July 26, 2017

July 25, 2017

Subscribe to Latest Legal News and Analysis

July 24, 2017

Subscribe to Latest Legal News and Analysis

Three Weeks On: What We Know about Enforcement of China’s Cybersecurity Law – Part 1

On June 1, 2017, China’s new Cybersecurity Law (the “Law”) finally went into effect. It is the first Chinese law that systematically lays out the regulatory requirements on data privacy and cybersecurity, subjecting to government scrutiny many activities in cyberspace that were previously unregulated or addressed in a sector-by-sector fashion.

Three weeks after the Law took effect, we examine the latest developments in this three-part post.  This post will clarify which key features of the Law are ready to be enforced immediately and which provisions are still awaiting clarification in the form of implementing regulations or standards.

Enforced Immediately: General Data Privacy and Cybersecurity Obligations of “Network Operators”

The Law imposes various data privacy and cybersecurity obligations on “network operators” (broadly defined to include “owners and managers of networks, as well as network service providers”).  These general obligations are expected to be enforced immediately.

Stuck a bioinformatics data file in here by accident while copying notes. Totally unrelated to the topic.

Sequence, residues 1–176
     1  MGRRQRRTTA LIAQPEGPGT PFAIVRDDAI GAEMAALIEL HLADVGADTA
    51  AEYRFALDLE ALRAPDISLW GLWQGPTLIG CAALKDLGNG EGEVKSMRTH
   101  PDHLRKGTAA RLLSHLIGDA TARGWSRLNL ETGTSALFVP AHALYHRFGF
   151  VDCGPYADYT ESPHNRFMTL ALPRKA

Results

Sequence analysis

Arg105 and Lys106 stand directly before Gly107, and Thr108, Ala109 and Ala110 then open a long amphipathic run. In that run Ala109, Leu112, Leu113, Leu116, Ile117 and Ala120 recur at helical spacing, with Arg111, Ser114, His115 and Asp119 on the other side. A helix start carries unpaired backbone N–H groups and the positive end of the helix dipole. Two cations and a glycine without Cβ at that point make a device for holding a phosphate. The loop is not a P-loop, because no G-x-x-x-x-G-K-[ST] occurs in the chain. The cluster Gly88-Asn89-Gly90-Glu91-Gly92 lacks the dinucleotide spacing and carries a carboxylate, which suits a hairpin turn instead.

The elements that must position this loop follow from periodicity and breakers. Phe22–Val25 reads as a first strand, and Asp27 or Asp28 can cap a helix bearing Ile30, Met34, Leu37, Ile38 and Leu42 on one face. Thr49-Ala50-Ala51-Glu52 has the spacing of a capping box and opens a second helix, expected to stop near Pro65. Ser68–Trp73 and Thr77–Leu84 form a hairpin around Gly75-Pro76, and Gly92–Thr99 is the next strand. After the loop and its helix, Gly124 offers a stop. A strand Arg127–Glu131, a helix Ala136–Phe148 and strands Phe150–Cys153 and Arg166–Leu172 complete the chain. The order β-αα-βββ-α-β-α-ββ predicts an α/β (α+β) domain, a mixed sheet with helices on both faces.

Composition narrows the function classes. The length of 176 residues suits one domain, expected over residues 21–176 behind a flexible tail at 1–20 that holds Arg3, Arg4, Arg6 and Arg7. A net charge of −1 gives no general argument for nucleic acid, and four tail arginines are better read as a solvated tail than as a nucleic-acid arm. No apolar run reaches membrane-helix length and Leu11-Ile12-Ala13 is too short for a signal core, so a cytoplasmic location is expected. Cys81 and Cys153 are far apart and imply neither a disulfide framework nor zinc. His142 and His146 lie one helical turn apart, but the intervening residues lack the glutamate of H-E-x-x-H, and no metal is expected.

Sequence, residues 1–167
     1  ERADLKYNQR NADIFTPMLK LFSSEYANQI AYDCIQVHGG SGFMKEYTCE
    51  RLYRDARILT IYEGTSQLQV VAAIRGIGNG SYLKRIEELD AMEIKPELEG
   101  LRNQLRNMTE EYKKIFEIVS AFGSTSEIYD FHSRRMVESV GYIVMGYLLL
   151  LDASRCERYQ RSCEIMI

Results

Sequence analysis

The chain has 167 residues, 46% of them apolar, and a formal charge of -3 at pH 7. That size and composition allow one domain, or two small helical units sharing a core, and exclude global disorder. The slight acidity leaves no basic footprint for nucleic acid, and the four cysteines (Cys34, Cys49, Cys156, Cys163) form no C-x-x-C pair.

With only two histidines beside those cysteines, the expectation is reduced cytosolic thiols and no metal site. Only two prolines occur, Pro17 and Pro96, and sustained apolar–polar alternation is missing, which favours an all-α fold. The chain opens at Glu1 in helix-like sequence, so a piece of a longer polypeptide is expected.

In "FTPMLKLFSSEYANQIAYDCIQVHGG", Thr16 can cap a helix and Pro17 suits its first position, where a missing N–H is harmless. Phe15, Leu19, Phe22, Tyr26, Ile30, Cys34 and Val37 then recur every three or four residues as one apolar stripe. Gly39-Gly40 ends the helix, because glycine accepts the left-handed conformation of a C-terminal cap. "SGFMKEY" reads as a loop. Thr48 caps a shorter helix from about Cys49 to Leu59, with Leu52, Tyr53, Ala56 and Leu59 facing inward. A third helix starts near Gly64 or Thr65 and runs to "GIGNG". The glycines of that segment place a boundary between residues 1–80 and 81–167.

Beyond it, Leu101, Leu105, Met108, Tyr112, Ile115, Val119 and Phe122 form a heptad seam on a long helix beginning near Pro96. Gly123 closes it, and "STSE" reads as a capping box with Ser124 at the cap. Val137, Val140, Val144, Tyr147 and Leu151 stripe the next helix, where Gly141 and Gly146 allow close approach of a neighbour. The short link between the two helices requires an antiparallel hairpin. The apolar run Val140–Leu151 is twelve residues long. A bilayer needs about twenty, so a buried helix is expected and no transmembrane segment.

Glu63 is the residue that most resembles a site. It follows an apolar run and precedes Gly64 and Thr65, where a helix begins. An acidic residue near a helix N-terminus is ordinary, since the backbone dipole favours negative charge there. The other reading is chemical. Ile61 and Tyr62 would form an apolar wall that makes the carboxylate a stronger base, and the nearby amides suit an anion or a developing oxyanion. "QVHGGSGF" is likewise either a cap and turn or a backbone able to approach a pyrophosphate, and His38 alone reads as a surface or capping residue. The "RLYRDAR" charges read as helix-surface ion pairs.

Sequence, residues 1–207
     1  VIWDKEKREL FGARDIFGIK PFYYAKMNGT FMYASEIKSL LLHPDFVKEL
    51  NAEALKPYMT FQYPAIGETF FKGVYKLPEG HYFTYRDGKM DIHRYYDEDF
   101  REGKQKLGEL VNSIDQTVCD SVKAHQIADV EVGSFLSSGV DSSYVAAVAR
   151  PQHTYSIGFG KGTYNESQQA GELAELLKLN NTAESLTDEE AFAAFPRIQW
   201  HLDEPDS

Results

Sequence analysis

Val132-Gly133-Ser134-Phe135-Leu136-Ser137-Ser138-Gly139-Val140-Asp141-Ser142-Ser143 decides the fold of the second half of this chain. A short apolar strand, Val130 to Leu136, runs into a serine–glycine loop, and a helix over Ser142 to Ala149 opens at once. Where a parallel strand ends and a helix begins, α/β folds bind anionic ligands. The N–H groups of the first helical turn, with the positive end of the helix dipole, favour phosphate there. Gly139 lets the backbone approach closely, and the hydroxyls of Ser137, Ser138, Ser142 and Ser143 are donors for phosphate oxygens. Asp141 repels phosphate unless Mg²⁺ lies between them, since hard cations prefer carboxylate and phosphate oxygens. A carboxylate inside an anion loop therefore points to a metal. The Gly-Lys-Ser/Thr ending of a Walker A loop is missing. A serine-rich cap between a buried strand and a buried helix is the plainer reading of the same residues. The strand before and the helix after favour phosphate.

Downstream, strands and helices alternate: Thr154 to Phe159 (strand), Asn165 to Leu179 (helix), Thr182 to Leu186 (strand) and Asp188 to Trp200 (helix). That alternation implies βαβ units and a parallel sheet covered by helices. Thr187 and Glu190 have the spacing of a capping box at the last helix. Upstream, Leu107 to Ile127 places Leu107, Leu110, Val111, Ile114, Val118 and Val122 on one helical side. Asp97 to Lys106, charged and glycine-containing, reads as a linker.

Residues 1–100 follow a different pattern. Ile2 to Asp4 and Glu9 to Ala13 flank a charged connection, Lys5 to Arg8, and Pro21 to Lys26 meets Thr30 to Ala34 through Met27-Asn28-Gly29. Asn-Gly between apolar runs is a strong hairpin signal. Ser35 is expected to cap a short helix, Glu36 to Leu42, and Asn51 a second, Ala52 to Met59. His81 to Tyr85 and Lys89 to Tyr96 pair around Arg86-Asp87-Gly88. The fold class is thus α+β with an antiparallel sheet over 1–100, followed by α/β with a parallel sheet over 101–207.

Key obligations for network operators include:

Data Privacy Obligations

Cybersecurity Obligations

  • Implement adequate access controls (Art. 40)

  • Provide notice and obtain consent when collecting or using personal information of Chinese citizens; do not collect personal information if it is not necessary for the services provided (Art. 41)

  • Do not disclose, tamper with, or damage citizens’ personal information that have been collected; do not provide citizens’ personal information to others without consent unless the information is sufficiently anonymized (Art. 42)

  • Delete unlawfully collected personal information and amend incorrect information (Art. 43)

  • Implement data security programs according to national standards (Art. 10)